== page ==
Books: Facing Violence - Preparing for the Unexpected
Rory Miller's first book, "Meditations on Violence," was a sobering introduction to violent conflict. As a corrections officer, Miller spent years dealing with some of the worst characters humanity has to offer - thugs, predators, and sociopaths - and his writing effectively captured that unique perspective. Unfortunately, "Meditations on Violence" was more expository than instructional; the author illustrated how a real-world fight differs from what is taught in the dojo, but he didn't offer comprehensive advice on how to actually survive that fight.
"Facing Violence," on the other hand, is Rory Miller's guidebook for self-defense preparation. Think of it as a self-help book (Miller has a degree in experimental psychology) for people who want to lawfully defend themselves. It starts with the basics (legal and ethical, i.e. it's no good to win the fight if you go to jail afterwards) and goes all the way through to the aftermath.
Here's an excerpt from the "avoidance" section:
Bad things happen in predictable places. If you avoid those places you can avoid a huge percentage of the violence that occurs in the world. What are those places?
Bars, parties, and other places where people get their minds altered. Drugs and alcohol change the way people think and act. They lower inhibition and they make people stupid. When some of your brain cells are pickled or fried, picking fights can seem like a good idea. You may forget that "no" is a complete sentence. And that's just alcohol...The book is full of advice like that - practical techniques that don't require a fancy gun, years of training, or great strength and speed. Another thing Miller stresses is knowing your "glitches" (things that might make you hesitate during an assault):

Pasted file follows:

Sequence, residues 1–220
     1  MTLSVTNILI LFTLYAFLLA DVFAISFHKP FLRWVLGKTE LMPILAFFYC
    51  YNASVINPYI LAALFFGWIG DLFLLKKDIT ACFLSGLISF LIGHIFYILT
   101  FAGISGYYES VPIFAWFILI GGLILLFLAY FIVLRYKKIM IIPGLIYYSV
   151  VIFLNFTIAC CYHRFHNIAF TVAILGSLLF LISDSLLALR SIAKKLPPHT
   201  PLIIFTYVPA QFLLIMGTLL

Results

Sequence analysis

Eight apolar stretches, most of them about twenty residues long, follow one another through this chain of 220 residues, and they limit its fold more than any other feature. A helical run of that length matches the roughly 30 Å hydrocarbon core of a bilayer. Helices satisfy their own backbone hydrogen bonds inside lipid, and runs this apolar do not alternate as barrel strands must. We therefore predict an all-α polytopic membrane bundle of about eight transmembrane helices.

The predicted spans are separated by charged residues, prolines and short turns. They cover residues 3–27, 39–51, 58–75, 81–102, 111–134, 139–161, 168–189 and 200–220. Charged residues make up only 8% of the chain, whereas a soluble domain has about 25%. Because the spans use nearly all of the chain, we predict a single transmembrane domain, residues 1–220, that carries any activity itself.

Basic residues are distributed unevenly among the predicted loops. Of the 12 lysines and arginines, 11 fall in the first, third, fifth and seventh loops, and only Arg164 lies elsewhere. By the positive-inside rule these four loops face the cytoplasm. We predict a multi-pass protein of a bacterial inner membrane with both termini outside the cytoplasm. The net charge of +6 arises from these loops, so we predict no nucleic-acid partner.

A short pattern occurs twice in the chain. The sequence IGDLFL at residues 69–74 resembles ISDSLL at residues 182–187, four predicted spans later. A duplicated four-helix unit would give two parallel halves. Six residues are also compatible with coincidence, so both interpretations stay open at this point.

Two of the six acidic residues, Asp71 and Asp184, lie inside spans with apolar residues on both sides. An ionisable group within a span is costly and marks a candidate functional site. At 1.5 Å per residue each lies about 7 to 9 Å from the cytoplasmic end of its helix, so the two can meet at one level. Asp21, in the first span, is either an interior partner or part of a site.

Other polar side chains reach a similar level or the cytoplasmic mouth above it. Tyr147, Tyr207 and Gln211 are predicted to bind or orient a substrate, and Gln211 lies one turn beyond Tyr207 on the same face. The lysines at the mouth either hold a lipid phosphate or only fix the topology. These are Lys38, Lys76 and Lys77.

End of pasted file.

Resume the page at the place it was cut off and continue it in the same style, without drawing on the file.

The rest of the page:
One example that will be familiar to most martial artists: two students practicing at light or no contact and one accidentally hits the other in the face. Even with a light touch, both of their eyes go wide, both take a step back, hands go up and the apologies start to spew.
Does this make any sense at all? Two people studying martial arts (arts dedicated to Mars, the god of war) specifically in a class where one of the seeming goals is to learn to hit people... and there is an immediate, visceral and almost universal reaction to face contact.
Long story short: "Facing Violence" is required reading for anyone interested in self-defense or martial arts. It cost Rory Miller injuries, years of training, and hundreds of fights to learn the things in the book - so reading it for around $10 off of Amazon is a bargain.